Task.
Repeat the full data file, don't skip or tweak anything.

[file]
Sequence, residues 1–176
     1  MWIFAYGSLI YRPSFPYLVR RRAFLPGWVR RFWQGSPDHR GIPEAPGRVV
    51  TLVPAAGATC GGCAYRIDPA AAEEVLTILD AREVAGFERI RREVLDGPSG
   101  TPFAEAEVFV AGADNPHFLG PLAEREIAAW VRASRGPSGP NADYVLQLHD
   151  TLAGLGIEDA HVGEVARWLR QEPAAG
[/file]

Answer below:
Sequence, residues 1–176
     1  MWIFAYGSLI YRPSFPYLVR RRAFLPGWVR RFWQGSPDHR GIPEAPGRVV
    51  TLVPAAGATC GGCAYRIDPA AAEEVLTILD AREVAGFERI RREVLDGPSG
   101  TPFAEAEVFV AGADNPHFLG PLAEREIAAW VRASRGPSGP NADYVLQLHD
   151  TLAGLGIEDA HVGEVARWLR QEPAAG